Normal, healthy growth is measured according to weight and height. Charts are available which outline the ranges of weight which are considered to be healthy. For people with neuromuscular disorders this range is extended slightly to account for different amounts of muscle.
Growth patterns that may require attention and monitoring are either being overweight for height (an indication of excess nutrition), or underweight for height (insufficient nutrition).
What causes someone to become overweight?
This is caused when energy used by the body is less than energy eaten. In neuromuscular conditions it could be due to a reduced ability to walk around (so less energy is burned off) or increases in appetite (which may be a side-effect of some medication eg steroids). Eating an “average” portion of food in some cases may be larger than the energy required and lead to too much weight gain.
How can you lose extra weight?
Up until the end of the adolescent growth spurt all children grow in height and require adequate nutrition to grow. It is important that the diet is balanced and takes into account the amount of energy a child is using. Generally, prevention is better than cure. It is easier to monitor and keep weight stable than lose it.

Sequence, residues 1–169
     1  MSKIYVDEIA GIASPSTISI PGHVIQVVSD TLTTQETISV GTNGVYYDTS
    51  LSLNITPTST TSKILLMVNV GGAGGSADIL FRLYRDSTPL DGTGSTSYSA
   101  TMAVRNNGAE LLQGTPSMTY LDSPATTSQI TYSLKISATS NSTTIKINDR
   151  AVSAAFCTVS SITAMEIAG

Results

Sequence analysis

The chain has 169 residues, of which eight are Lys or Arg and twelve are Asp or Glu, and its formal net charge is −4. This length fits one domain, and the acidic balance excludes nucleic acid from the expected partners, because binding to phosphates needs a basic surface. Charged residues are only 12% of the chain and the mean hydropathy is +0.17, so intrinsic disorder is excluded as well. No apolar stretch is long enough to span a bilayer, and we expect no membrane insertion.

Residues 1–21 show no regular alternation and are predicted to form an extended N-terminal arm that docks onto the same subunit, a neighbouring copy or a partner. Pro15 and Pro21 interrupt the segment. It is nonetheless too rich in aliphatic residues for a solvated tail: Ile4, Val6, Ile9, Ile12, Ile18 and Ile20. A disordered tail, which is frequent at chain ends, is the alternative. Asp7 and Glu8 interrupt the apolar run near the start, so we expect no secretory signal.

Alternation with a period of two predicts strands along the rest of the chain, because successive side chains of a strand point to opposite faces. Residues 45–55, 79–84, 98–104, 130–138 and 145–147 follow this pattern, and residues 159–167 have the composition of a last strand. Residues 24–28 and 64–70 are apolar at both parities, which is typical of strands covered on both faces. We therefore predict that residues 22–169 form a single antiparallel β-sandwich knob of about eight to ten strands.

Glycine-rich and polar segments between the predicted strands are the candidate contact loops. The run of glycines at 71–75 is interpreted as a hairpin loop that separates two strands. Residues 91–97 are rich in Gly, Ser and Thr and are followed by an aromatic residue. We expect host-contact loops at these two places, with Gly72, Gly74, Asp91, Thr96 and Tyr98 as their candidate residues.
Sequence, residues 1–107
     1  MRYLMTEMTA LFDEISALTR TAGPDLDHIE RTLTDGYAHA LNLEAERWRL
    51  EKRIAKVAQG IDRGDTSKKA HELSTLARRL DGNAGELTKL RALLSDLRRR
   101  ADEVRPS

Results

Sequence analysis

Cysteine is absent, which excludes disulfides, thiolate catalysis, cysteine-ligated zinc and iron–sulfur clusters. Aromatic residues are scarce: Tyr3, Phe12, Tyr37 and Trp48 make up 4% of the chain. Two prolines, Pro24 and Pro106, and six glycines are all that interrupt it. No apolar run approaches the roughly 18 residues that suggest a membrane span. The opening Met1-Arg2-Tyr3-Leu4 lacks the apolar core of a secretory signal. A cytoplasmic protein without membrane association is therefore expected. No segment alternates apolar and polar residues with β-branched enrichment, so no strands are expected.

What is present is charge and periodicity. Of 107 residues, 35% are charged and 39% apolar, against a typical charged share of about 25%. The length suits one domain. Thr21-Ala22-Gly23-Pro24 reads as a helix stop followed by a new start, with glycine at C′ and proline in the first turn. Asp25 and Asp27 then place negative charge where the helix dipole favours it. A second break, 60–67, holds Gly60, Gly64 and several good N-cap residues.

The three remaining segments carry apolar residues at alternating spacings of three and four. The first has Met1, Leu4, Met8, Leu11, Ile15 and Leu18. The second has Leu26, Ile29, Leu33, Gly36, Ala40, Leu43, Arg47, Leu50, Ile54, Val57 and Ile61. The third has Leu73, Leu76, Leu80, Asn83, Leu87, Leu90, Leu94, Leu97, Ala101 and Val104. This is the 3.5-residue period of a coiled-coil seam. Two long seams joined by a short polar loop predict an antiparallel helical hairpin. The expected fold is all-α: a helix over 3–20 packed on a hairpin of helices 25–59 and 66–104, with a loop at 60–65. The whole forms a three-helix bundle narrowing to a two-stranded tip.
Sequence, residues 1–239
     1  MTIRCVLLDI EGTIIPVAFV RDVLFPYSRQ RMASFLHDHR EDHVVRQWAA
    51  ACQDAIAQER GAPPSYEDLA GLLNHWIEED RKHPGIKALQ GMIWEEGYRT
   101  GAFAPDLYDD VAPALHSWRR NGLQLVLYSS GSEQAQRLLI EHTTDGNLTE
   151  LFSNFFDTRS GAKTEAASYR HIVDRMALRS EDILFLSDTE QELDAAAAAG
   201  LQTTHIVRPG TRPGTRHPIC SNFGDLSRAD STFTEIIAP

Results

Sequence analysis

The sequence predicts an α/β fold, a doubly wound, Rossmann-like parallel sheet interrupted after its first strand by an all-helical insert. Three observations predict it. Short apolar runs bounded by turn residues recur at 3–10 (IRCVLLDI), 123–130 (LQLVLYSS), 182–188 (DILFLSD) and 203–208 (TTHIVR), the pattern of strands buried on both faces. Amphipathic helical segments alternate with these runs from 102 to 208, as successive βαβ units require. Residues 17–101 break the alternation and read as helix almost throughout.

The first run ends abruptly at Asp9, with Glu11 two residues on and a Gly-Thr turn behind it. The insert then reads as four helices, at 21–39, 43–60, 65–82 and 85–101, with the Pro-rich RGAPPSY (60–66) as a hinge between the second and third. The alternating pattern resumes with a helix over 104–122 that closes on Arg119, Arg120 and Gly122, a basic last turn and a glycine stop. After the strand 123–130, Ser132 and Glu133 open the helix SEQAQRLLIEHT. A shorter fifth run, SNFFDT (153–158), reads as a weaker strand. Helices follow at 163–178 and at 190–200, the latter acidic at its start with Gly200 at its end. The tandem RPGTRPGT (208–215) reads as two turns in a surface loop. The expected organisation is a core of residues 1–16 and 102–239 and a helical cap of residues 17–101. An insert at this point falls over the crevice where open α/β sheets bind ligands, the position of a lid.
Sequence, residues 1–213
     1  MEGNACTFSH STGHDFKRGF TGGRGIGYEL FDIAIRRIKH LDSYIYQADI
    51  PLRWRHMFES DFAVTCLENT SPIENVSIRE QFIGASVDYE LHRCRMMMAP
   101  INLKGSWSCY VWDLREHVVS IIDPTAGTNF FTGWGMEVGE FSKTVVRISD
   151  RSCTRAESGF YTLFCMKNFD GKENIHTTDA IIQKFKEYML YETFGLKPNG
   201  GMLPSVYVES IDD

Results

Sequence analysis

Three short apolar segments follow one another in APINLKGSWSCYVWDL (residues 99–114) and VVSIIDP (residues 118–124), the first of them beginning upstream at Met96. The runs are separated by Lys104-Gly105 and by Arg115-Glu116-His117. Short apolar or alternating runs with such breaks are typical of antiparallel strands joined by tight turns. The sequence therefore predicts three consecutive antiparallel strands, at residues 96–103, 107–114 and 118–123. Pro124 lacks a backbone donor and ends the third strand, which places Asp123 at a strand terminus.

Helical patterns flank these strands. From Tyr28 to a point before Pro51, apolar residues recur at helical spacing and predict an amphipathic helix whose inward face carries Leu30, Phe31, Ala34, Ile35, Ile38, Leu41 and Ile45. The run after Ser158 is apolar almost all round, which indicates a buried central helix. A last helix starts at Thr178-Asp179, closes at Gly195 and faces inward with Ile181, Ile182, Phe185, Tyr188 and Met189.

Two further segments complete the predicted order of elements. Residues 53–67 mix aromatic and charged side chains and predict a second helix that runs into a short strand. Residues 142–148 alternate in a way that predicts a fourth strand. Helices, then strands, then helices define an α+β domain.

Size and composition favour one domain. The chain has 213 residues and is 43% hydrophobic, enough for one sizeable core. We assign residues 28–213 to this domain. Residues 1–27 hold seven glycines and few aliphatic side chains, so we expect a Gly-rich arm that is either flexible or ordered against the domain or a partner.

Different strategies can be used to lose weight. One is increasing energy expenditure by exercising. This can be difficult for individuals with limited mobility. Certain exercises may not be beneficial and before starting an exercise programme you should always discuss this first with your clinician and/or physiotherapist. Eating lower calorie foods (eg, fresh fruit and vegetables) and less of the foods which are high in calories (eg, those containing a lot of fat and sugar) can help weight reduction in individuals with limited mobility.
Banned foods can become more desirable and it may be helpful to still have some treats. Advice from a specialist dietitian can be helpful in setting goals and making more specific suggestions.